When I start a story, it’s usually because I’m toying with an idea in my head. Most of the time, I’ll get a good number of pages in — but I can tell when the story will stick or when I’m gonna stop writing it part way. I do like to write based on things I’ve experienced for myself, but more than that, I write stories that I know I’d want to read, the stories that make me giddy/happy every single time I read the pages again (even if I do have to revise). It’s helped tremendously in my cause to actually finish writing something.

    • Julie Eshbaugh
      Julie Eshbaugh May 14 2013 at 12:44 pm #

      Hey Alexa! Great to get your input on this topic! Wow, how awesome that you feel giddy/happy when you re-read your stories. That’s what we’re all striving for, isn’t it? 🙂

  7. Ifeoma Dennis May 14 2013 at 11:24 am #

    Loved your post!
    I agree with Laura. I write what I love, not what I know.

    Earlier this year, after trunking my dystopian fantasy manuscript, I got quite upset thinking about what to write next. I had a YA contemporary idea but it just wasn’t my thing. There were the Bologna Fair reports saying publishers were asking for YA contemporary and I was almost pushed to follow that trend.
    I actually did start writing that contemporary idea late February but got depressed halfway the first chapter. Yes, I cried for days—until this idea struck me in the middle of a lecture one day. It was basically my contemporary idea transformed into a high fantasy idea- something marvellous I never thought of before.

    It’s been hard writing it- I spent the next two months outlining and there are still loopholes here and there—questions I’m still figuring out answers to- but it’s also brought me immense joy and excitement!
    I’m not writing what I know (though by the time I’m done, I’ll definitely know every detail of my fantasy world) but I’m sure writing what I love!!

    • Julie Eshbaugh
      Julie Eshbaugh May 14 2013 at 12:48 pm #

      Hi Ifeoma! Oh my gosh, yes – the “buzz” coming out of Bologna was super distracting, wasn’t it? And it’s so easy to get caught up in it all. (I know I did…) I’m so happy that you found a way to take your comtemporary idea and transform it into something you are excited about! 🙂

  8. Lucy D. Briand May 14 2013 at 12:26 pm #

    I write what I love, and boy does it make it fun to do research and talk about. I almost feel guilty that I’m enjoying it. Growing up, you never think a job could be This fun. 🙂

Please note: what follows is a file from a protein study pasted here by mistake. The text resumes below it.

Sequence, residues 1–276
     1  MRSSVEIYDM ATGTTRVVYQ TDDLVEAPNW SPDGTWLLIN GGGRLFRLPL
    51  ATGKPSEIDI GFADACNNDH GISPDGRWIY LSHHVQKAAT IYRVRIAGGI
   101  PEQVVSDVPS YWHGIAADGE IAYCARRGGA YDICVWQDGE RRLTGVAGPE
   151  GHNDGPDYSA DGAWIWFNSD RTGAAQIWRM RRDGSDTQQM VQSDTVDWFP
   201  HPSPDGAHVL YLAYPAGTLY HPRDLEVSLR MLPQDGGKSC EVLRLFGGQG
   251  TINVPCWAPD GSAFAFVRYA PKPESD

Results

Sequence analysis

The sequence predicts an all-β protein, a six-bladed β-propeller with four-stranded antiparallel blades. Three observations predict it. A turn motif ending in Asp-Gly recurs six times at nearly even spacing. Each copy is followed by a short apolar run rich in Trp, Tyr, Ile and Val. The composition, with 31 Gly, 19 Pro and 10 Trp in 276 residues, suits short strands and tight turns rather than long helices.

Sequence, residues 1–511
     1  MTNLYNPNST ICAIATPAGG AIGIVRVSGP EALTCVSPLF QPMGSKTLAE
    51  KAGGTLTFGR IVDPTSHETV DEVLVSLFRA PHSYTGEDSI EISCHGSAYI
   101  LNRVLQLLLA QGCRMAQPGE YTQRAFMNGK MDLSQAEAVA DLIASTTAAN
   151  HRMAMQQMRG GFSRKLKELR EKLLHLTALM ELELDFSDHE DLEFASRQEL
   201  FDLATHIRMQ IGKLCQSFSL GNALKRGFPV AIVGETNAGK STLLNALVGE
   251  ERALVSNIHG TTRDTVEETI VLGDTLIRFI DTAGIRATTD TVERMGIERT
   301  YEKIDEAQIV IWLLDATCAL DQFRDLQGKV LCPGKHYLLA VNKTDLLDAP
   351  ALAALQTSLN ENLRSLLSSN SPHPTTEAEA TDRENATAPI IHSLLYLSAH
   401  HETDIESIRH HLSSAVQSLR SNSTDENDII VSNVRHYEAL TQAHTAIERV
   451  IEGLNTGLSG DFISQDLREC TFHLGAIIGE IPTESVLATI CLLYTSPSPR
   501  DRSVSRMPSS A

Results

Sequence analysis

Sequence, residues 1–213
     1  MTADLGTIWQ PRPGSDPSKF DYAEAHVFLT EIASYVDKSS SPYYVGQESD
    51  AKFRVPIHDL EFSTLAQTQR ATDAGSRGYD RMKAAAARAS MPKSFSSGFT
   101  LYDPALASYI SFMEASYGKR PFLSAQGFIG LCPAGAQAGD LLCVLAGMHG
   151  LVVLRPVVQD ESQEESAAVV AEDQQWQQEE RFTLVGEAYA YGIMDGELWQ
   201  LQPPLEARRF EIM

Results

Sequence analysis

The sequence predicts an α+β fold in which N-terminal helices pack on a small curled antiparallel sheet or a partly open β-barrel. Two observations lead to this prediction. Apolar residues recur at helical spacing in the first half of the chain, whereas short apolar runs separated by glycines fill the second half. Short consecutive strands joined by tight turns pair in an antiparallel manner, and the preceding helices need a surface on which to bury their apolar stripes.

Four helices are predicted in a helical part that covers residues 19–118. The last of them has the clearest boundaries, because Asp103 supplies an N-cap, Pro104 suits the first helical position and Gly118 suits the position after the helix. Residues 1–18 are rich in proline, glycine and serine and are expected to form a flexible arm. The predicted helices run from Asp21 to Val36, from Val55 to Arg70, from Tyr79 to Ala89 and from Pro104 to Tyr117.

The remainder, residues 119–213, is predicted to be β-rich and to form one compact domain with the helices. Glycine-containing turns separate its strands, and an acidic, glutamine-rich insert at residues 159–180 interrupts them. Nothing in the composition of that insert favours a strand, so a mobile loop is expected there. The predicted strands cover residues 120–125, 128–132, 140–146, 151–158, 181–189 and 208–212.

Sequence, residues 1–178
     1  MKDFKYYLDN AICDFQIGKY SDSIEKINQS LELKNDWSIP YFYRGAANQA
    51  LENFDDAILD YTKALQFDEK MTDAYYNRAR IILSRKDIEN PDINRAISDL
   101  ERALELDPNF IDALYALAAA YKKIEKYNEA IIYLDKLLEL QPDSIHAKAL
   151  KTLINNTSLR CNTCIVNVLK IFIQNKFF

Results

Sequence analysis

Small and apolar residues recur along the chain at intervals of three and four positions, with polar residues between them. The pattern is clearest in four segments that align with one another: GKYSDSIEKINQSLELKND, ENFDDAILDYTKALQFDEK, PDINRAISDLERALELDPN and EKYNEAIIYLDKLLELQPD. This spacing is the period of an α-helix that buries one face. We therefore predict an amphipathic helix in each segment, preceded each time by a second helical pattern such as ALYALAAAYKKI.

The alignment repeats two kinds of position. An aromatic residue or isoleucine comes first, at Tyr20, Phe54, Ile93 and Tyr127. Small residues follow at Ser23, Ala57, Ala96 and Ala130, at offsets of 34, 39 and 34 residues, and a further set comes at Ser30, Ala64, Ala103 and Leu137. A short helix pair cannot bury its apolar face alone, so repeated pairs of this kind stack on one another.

• Julie Eshbaugh
      Julie Eshbaugh May 14 2013 at 12:51 pm #

      Hey Lucy! So true – if you love what you’re writing the process can be really fun (although even when I love my story there are days when it’s hard work. ;)) So glad to hear that you enjoy the process so much!

  9. Pamela DuMond May 14 2013 at 1:03 pm #

    Good post. RT it. Thanks!

    • Julie Eshbaugh
      Julie Eshbaugh May 14 2013 at 1:05 pm #

      Hey Pamala – thanks! Glad you enjoyed the post. 🙂

  10. Maya Prasad May 14 2013 at 5:39 pm #

    Great advice. When you find the right story idea, you can’t stop thinking about it. Even when it’s tough, even when you want to give up, you know you can’t abandon it because it’s the story you’re meant to tell. Other times you might throw away 20K words. But what is 20K words compared to all of the drafts to come? You’ll know if you need to break up with the book, too.

    • Julie Eshbaugh
      Julie Eshbaugh May 14 2013 at 6:54 pm #

      Hi Maya! Wow, what a great observation. It always pains me to throw away 2K words, let alone 20k! But you are completely correct – what’s 20k compared to the thousands of words to come? (When you really think about it, 20k is nothing compared to all the words we will write in our lifetimes…) Thanks for the comment! 🙂

  11. Carrie-Anne May 15 2013 at 1:42 am #

    For about 25 years now, I’ve lived and breathed all things historical. Not just in my reading and writing, but what I’ve studied in school and many of my hobbies/interests. While I also dabble in soft sci-fi, historical is my one great writing love. I have nothing against other genres, like fantasy, horror, or police procedural, but I just couldn’t give such a story the attention and love it requires. All I know how to write is historical and the occasional soft sci-fi or a historical story that continues so long it eventually becomes somewhat contemporary.

    I’ve been with a number of my characters for over 20 years. We literally grew up together, and they almost feel like family or dear friends at this point. I’ve even reached a point where I’m ready to resurrect some long-shelved 18th and 19th century characters I haven’t worked with in over 20 years and created when I was all of 5 or 6 years old. There’s no logical reason for me to voluntarily dredge that far back without some kind of love and fondness for these characters and their stories, finally ready for a more mature treatment and makeover.

    • Julie Eshbaugh
      Julie Eshbaugh May 15 2013 at 6:29 am #

      Hi Carrie-Anne! Your long relationship with some of your characters is inspiring. To create characters when you were just a little girl and to find you still want to work on them now – that really demonstrates a love for the art of writing, doesn’t it? (Not to mention devotion and patience!) Thanks so much for commenting. 🙂